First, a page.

Here’s what I knew to do with marshmallows before this book: 1) put them in hot cocoa, 2) use them in S’mores, and 3) use them in Rice Krispie treats.  Here’s some things I learned after reading this book: 1) you can make your own marshmallows, 2) you can make them in a lot of fun shapes, and 3) you can make them in a lot of fun flavors.  You can even make chocolate filled marshmallows! And cocktail themed marshmallows! Also, if you make me the S’mores cupcakes that are in the book we can be best friends forever.  

On a Stick: 80 Party-Perfect Recipes by Matt Armendariz

Corn dogs and skewers and fair food . . . oh my! And by oh my, I mean oh my yum! This book is exactly what you think it is: a bunch of food recipes that involve putting food on a stick.  But it is more than corn dogs (which, by the way, I adore) . . . There are sweet potato wedges,cake pops, candy apples, popcorn balls and more.  Sometimes the stick is food itself, such as the chocolate-tipped peppermint sticks, but most of the time the stick is just a vehicle for getting the food from the plate to your mouth – and I’m okay with that.  I was amazed by the creative recipes they put together.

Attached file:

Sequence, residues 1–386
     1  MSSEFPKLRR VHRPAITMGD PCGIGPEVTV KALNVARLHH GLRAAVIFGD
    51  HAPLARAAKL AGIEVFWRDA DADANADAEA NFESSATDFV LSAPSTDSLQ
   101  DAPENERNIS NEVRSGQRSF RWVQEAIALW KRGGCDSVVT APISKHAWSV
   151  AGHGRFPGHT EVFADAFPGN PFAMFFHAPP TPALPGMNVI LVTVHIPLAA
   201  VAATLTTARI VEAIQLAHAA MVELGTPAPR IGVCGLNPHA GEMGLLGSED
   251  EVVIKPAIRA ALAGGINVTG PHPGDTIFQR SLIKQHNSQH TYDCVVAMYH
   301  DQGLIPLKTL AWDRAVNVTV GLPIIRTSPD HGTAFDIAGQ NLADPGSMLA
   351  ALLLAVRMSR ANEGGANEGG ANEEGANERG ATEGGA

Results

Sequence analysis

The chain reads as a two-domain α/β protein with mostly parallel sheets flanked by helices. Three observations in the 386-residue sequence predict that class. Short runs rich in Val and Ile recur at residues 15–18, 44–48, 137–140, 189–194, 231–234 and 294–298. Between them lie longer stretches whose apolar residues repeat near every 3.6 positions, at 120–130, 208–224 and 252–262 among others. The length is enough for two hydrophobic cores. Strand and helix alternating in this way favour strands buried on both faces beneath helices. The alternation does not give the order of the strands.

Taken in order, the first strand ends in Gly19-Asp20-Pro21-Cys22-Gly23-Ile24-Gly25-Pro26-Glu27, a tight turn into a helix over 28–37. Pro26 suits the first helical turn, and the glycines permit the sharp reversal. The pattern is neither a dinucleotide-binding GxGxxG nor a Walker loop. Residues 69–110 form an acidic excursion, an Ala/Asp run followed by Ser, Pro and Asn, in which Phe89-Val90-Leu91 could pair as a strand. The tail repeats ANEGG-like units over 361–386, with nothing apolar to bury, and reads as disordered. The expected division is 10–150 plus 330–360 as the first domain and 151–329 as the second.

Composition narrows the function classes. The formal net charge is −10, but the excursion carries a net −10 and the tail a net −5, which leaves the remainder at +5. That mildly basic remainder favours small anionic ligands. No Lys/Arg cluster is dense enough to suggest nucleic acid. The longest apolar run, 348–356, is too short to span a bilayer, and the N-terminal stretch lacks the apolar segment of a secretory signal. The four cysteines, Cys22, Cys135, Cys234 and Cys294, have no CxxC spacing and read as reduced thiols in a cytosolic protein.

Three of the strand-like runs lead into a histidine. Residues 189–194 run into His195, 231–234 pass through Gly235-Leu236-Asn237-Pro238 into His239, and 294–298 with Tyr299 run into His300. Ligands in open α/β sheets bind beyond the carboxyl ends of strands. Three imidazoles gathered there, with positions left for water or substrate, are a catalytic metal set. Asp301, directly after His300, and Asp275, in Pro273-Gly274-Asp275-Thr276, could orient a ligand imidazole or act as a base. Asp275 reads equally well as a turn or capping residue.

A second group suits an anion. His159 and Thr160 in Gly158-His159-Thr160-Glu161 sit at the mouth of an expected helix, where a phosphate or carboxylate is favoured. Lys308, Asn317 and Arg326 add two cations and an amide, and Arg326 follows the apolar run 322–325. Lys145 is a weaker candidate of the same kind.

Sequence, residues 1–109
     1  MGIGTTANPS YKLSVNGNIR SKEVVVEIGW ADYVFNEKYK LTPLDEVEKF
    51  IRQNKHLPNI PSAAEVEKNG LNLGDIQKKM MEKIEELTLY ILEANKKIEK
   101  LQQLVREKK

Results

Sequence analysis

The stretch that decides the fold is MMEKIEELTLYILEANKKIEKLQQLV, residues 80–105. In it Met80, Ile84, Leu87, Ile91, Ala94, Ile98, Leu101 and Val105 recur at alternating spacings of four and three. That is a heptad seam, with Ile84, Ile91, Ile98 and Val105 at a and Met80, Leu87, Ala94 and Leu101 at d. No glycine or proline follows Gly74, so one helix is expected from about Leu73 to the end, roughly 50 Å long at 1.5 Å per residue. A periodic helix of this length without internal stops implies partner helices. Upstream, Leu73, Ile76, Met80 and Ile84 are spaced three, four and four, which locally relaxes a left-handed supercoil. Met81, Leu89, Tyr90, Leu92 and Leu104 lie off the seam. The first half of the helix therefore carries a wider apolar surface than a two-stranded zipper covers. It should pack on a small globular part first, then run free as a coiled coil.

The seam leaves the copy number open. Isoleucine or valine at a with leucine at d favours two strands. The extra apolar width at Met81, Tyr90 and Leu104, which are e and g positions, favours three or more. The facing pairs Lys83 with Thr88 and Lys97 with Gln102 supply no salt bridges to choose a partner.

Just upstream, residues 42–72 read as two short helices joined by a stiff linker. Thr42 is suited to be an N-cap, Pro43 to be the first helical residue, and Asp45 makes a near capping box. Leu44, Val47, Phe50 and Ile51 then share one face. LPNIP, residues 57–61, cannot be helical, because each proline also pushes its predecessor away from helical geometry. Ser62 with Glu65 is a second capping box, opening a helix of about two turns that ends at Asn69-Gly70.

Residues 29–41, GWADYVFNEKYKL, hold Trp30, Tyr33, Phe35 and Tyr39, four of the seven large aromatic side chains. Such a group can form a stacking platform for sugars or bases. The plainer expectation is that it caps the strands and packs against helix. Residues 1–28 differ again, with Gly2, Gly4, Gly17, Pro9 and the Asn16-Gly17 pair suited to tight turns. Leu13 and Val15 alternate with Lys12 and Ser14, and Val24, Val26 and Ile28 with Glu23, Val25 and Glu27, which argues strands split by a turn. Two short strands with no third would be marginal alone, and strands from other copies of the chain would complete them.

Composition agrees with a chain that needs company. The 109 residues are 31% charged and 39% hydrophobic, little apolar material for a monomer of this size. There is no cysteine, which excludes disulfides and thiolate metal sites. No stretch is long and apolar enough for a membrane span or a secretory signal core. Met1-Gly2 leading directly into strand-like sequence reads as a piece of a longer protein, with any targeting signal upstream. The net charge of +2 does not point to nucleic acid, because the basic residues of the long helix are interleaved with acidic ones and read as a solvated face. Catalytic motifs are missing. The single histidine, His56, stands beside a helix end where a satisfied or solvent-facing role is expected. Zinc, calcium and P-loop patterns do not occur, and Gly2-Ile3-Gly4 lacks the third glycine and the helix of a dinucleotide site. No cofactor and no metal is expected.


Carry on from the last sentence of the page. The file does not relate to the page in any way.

Pops: Icy Treats for Everyone by Krystina Castella

When we were kids, my brother and I used to like to pour Kool Aid into ice cube trays with some tooth picks. Voila! We had our own ice pops.  We thought we were pretty cool like that.  This book proves we were totally amateurs.  There are recipes for healthy energy pops, fruit juice pops, soda fountain pops, coffee and tea pops, cream and pudding pops and – yes – cocktail pops.  Some of them are all layered and stripy looking, so take that Martha Stewart.

Sprinkles: Recipes and Ideas for Rainbowlicious Desserts by Jackie Alpers